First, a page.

Carlos Arroyo has missed 10 games due to injury while trying to replace a demigod. DeShawn Stevenson has missed more time than that while on the floor trying to figure out who he's supposed to be guarding much less who he's supposed to be boxing out on rebounds. On average, there are 77.4 rebounds to be had in every Jazz game and you're telling me that a 22-year-old, 6-foot-5, 210-pound athletic specimen can't grab more than 3.3 a game when his centers are sporting names like Greg Ostertag, Curtis Borchardt and Ben Handlogten?

Peep Show

Minnesota Timberwolves: There are sprained ankles and then there are sprained ankles. And then there is Troy Hudson's sprained ankle. "I've never seen an ankle like that," Wolves assistant coach Sidney Lowe said in the Star Tribune. "Most people twist it on one side. His was bruised and swollen on both sides. It's unfair to say he's been out this long with 'just a sprain.' It's not that simple." So far, it's kept him of the floor for nearly three months and three dozen games. "That's probably going to be there all year," Troy said as he looked at his blackened foot. "Even after the pain goes. Over the course of a workout, it tends to go down, but then it swells back up."

New Orleans Hornets: The Hornets may have lost two games in a row but not the confidence of their coach. "You might say we've had our confidence shaken somewhat," Tim Floyd said in the Times-Picayune. "Our job is to heal it, mainly by doing a better job on the defensive end, also by doing a better job of getting the ball inside, with the pass, with dribble penetration. Am I confident? Yes. Why? Because of the character our guys have shown with their attitude, with their approach. I feel we were successful in establishing a kind of identity, sharing the basketball and playing tough on the defensive end. Now the challenge is to sustain it the rest of the way." And he can't wait until Jamal Mashburn returns, which may be at the end of this month. "All I can tell you about Mash," Floyd said, "is I've never seen anyone, with my own eyes, work any harder than he did during the offseason. While Baron was getting himself in great shape out in California, Mash was here working every day. I'm sure that's what made his injury after only a few practices so tough on him."

Los Angeles Lakers: And then there was one Hall of Famer . . . "I've just got to go out there and try to get everybody involved, sort of the way I've been playing and just try to help all the other guys out on the floor," Gary Payton said in the L.A. Times after injuries to Shaquille O'Neal, Karl Malone and Kobe Bryant. "I think all I've got to do is be myself, just come out there and play, help guys out, help them along in the game. Don't be on people. We've got to pat and encourage people. So if we encourage a lot of these guys and get them to playing the way they should play, we should be fine." And he could care less if that means shooting 5-for-22 again like he did against the Cavs as long as the Lakers win. "That is nothing," he said. "We've got to win. I don't care about me being successful. I've been successful all my career. I don't need to be successful. I want & us to win basketball games. So it was nothing. It was an off night. I don't care about that, as long as we got the win&. We're fine. I'm fine."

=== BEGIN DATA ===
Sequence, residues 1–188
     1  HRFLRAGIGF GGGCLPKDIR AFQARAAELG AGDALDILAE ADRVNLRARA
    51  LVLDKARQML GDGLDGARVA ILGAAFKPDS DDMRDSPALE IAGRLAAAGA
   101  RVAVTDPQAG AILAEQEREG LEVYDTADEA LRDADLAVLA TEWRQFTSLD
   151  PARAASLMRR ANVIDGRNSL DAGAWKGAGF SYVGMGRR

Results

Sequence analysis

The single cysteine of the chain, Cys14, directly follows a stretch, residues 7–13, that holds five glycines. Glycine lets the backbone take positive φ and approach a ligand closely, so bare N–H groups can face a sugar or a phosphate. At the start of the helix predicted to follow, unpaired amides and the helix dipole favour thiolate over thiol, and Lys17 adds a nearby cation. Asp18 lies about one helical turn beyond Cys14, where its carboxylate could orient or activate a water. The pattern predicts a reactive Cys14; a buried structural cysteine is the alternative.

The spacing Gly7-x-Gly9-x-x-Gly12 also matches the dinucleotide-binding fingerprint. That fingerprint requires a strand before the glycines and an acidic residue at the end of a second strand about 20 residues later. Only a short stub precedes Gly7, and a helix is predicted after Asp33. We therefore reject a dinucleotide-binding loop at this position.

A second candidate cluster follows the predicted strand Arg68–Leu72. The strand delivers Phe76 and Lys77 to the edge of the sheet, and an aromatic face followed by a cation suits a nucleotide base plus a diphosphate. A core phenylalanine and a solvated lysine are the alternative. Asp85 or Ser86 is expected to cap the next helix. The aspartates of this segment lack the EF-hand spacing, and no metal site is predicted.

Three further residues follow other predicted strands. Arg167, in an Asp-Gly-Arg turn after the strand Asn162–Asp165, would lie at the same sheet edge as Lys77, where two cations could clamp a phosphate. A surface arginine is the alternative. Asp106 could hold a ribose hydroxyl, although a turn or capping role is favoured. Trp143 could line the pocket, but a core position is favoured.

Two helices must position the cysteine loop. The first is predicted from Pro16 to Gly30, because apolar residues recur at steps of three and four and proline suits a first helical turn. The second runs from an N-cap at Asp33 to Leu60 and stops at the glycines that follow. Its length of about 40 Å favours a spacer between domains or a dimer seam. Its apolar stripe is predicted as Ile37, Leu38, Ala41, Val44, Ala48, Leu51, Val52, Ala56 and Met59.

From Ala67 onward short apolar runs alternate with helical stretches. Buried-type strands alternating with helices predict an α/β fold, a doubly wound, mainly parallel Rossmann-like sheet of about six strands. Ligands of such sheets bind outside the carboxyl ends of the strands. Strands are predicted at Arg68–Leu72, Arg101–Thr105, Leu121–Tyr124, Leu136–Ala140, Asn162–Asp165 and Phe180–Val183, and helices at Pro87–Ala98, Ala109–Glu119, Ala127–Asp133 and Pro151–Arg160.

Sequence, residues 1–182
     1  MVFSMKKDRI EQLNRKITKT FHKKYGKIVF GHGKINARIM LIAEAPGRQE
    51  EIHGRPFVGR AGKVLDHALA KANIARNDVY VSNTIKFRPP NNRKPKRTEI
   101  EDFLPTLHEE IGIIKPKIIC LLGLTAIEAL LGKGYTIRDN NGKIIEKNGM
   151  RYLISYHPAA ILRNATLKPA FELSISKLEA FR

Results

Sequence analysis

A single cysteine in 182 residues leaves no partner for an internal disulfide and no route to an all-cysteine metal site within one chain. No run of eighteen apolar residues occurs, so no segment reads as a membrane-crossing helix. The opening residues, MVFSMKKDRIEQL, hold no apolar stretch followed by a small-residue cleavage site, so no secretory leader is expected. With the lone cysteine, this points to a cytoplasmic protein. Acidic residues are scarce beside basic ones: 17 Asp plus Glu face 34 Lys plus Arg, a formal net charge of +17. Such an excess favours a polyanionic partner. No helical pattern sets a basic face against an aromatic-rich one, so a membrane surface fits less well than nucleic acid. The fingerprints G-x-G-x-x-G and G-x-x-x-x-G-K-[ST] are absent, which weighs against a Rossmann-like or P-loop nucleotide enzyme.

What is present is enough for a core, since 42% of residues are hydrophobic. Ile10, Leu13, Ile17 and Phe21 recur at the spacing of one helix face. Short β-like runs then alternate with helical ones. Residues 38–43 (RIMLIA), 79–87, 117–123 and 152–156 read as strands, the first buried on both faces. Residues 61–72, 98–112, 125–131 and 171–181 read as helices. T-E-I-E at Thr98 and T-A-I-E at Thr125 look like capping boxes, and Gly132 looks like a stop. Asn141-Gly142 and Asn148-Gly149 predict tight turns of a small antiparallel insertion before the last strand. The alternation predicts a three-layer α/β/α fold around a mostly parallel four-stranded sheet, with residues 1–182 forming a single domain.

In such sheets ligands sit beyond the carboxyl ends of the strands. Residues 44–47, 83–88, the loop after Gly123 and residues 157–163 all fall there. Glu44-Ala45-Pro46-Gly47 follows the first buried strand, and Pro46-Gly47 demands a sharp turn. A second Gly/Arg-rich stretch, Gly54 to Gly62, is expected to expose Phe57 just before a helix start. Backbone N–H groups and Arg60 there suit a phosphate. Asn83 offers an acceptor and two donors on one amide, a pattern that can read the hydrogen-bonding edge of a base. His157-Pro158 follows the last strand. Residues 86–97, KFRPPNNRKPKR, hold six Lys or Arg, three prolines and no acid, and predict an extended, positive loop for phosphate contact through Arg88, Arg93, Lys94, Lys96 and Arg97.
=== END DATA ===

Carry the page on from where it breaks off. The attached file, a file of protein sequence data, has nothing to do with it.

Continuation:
Memphis Grizzlies: Hube Brown just became the winingest coach in Grizzlies history with 47 victories but isn't quite sure how long he'll be around to celebrate. "I really go from game to game. I told Jerry (West, team president) I'll try to go from one season to the next season," Brown said in the Commercial Appeal. "Yeah, we signed a contract. It's a great contract and very generous. But, on my side, I want the availability at the end of each season to say whether or not I can physically be able to do it. That's the deal we have. We did that last year. It's that point blank."

Washington Wizards: Christian Laettner has been suspended by the NBA for five games for violating the league's drug policy and he says he's sorry in a statement released by the team. "I deeply regret any embarrassment that my actions have caused to members of my family, my teammates, my fans and the Washington Wizards organization," Laettner said in the Washington Times. "I accept full responsibility for my actions. I have elected to seek professional assistance to fully educate myself as to the consequences of my behavior to assure that these issues never interfere again with my career and my obligations to my team, my teammates and our fans." The Wizards mirrored the sentiment. "This comes as a surprise to us, as the league's substance abuse policy is confidential," said president Ernie Grunfeld. "I have spoken to Christian, and he is embarrassed."

Denver Nuggets: Sir Charles never played for the Denver Nuggets but he sure is cheering for them now. "I like Carmelo," said Barkley in the Rocky Mountain News when comparing the rookie to LeBron James. "The numbers are similar, but due to the politics of the NBA I don't know if he can win. The NBA has a lot invested in (James). But (the Nuggets) have won more games than all of last year. It'd be one of the greatest turnarounds in NBA history." And he went on about Melo's boss. "I told (Kiki Vandeweghe) that as far as managing the salary cap and drafting players who have made an impact, he's done one of the best jobs in the last two or three years of the NBA."

01-15-2004, 09:35 PM
Sorry for the late post--wasn't on yesterday...

Again, thanks for posting these thebac! Your diligent and benevolent showering of ESPN Insider Mana on Dallas-Mavs.com is a great, great thing.